Predators inspire poetry and fear
Regarding “Lopped off” (SN: 11/5/11, p. 26): One of the Tao Te Ching’s chapters (excerpt below) is very prescient on the unintended consequences of human behavior. It was written around 500 B.C., long before our innovative abilities threatened the entire planet. It is ironic that science both leads to innovations that cause the destruction, and now allows us to realize the full range of consequences.
Woe to him who willfully innovates
While ignorant of the constant,
But should one act from knowledge of the constant
One’s action will lead to impartiality,
Impartiality to kingliness,
Kingliness to heaven,
Heaven to the way,
The way to perpetuity,
And to the end of one’s days one will meet with no danger.
Carl Abbott, Santa Cruz, Calif.
Your article failed to quote or cite any of the fine poetry about vultures. The works of Atwood, Belloc, Kennedy and others touch on the scientific points you were making.
Vultures eat dead, bloated cows
So they won’t go to waste.
Thus making up in usefulness
What they lack in taste.
Dave Jordan, Brevard, N.C.
The author quotes Peter Kareiva of the Nature Conservancy: “If you could restore the balance of ecosystems — look at how many deer there are in the Northeast, and what a big problem they create for homeowners and everybody — would it be so bad if cougars came back?”
As a lifelong resident of the Northeast familiar with the deer issue — let me just say a resounding YES! It would be bad if we got major predators like cougars or wolves here. Children would not be safe playing in their own backyard. Small household pets are at risk now because coyotes have moved into the Northeast. And the issue with deer eating cottonwood trees that is a problem out west does not exist here in the Northeast. All we need to do is harvest more of the deer every year. We are the top predators here.
Kenneth V. Hoffman, Peace Dale, R.I.
How heads get holes
In the article “Incas not always hostile” (SN: 11/19/11, p. 16), it would be interesting to know how many of the skulls examined were trephinated. Since trephination was practiced for a number of reasons (including allowing egress of bad spirits in cases of illness and head injury), it is conceivable that the trephination was made directly over a depressed skull fracture. Since the trephinated bone would have been removed, evidence of the injury would have been lacking. It is conceivable that the 7.8 percent cited as the rate of war injuries is artificially low and that the Incas may have been more bellicose than this article would have one believe.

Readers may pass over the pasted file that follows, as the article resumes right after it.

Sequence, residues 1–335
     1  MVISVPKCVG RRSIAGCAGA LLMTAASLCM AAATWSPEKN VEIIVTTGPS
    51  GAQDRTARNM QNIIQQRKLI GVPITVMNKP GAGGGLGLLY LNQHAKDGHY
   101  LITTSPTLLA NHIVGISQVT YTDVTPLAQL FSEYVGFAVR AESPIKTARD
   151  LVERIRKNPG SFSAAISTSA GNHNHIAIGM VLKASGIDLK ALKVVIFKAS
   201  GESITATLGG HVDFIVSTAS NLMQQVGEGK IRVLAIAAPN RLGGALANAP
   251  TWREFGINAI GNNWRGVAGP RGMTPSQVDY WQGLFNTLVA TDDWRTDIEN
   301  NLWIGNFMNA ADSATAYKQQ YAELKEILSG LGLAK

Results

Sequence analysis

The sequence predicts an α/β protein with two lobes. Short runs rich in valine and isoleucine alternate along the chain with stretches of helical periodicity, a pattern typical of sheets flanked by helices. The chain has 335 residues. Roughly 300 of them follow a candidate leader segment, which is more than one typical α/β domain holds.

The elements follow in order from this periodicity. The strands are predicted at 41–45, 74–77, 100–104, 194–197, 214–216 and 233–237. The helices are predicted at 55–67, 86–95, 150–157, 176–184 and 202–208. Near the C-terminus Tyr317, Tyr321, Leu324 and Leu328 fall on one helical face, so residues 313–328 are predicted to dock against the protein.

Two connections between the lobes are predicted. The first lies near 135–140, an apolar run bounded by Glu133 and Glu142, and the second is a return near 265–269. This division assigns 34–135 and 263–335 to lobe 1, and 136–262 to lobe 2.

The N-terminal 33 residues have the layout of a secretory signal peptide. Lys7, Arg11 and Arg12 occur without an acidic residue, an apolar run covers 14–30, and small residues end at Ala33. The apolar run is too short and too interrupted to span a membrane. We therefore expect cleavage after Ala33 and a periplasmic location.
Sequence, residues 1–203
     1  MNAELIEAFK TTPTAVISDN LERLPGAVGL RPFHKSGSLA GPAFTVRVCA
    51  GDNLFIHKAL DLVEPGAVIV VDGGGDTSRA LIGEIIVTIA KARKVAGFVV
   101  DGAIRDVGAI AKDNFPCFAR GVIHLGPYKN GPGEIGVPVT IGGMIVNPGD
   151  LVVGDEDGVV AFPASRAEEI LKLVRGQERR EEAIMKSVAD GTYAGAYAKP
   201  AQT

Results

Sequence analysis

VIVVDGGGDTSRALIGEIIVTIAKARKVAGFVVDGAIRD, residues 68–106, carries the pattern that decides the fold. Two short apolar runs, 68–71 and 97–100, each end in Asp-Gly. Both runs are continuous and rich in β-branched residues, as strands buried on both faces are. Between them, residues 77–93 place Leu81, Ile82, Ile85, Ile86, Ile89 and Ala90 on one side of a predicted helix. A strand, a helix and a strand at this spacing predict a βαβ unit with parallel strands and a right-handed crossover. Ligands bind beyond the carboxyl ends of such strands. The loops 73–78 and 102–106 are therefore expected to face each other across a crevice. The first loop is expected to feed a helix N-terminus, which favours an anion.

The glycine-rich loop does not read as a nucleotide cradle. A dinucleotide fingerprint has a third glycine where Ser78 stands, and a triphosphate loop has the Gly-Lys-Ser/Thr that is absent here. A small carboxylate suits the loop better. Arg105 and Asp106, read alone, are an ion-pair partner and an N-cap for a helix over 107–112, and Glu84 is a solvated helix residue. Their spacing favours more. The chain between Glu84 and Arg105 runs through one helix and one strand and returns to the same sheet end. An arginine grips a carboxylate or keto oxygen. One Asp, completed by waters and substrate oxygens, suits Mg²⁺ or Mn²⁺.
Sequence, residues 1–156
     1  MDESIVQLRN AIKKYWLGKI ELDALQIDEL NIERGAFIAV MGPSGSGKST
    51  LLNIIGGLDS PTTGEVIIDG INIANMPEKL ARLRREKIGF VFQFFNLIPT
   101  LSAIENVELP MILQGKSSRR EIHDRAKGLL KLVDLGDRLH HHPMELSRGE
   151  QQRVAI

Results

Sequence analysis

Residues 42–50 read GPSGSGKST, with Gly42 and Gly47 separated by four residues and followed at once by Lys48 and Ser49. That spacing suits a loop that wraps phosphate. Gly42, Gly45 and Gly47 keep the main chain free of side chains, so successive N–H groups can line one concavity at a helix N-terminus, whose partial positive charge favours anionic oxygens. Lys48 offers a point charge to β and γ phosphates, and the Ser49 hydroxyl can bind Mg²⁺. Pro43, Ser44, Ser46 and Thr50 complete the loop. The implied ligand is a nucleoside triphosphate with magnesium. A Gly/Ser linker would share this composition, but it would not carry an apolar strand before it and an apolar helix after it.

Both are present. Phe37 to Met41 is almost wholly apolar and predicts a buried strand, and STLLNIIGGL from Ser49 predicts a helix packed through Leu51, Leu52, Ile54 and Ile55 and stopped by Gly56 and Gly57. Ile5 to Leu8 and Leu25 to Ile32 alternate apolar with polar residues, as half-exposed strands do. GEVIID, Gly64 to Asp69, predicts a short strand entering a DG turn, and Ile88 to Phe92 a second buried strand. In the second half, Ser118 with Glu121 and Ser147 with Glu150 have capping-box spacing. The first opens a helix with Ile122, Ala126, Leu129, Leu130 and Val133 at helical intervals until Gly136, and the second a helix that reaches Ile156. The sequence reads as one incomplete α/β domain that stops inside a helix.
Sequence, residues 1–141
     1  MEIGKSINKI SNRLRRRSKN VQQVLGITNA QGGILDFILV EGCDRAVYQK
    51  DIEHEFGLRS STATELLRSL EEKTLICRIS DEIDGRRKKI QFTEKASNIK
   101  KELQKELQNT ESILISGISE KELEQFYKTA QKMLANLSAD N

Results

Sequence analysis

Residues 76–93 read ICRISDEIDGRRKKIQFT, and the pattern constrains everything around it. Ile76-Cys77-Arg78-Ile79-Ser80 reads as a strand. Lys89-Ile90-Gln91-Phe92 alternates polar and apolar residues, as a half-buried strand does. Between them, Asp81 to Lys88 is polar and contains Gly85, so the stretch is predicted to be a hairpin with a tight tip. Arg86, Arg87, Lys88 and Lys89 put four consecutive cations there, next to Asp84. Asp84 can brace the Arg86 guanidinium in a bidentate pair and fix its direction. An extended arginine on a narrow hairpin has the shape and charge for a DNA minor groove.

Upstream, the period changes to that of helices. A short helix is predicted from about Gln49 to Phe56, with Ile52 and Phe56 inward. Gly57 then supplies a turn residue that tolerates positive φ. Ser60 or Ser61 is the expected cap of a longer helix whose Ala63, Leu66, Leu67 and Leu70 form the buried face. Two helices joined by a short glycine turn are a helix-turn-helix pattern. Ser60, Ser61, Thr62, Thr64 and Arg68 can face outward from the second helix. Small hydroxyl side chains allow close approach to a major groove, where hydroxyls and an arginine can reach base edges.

Stephanie Rifkinson, New York City
In the researchers’ analysis, skull surgery, or trephination, occurred on seven of 23 Inca individuals who suffered major cranial trauma, most likely due to warfare, and on 21 of 77 individuals who had minor, healed cranial injuries. Surgical openings were located adjacent to head wounds, sometimes partly overlapping with them, and were probably made after war wounds had been inflicted, the scientists say. — Bruce Bower
Charged up by lightning
If the lower part of a cloud is negative and the upper part positive, why does the “Lightning in 3-D” graphic in the story “Like a bolt from above” (SN: 11/5/11, p. 16) show the positive charge below the negative charge?
Bobby Baum, Bethesda, Md.
There is a great deal of variety in how a cloud can become electrified, and the graphic shows an instance in which electrical breakdown traveled from a region of negative charge toward and through a lower region of positive charge. We chose it because it represented real data for a flash that the New Mexico Tech scientists found intriguing. — Alexandra Witze
Thanks for science memories
I now am 85 years old and have — it seems like forever — been receiving Science News Letter and Science News since the 1940s. While I was an undergraduate zoology major at Houghton College in New York, each week I would post on the department bulletin board pertinent articles I had clipped from your magazine. Now I want to thank you for the high-quality articles you have continued to print for more than six decades.
Wayne Frair, New York City
The article “For his last meal, Iceman ate goat” (SN: 9/24/11, p. 8) makes the assertion that he was murdered. Science should not be about guessing. But, if I were to guess as to the way the Iceman came to his end, I would say he fell into a crevasse and impaled himself on his own arrow. As a hunter, he may have carried a single arrow in one hand and his bow in the other. Falling into a crevasse, he would have put his hand down to break his fall, putting the arrow below him. If he tried to pull the arrow out of his back, the arrowhead would have separated from the arrow and caused even more bleeding. Sometimes the truth is less dramatic than our imagination.
Will Willette, Lisbon Falls, Maine
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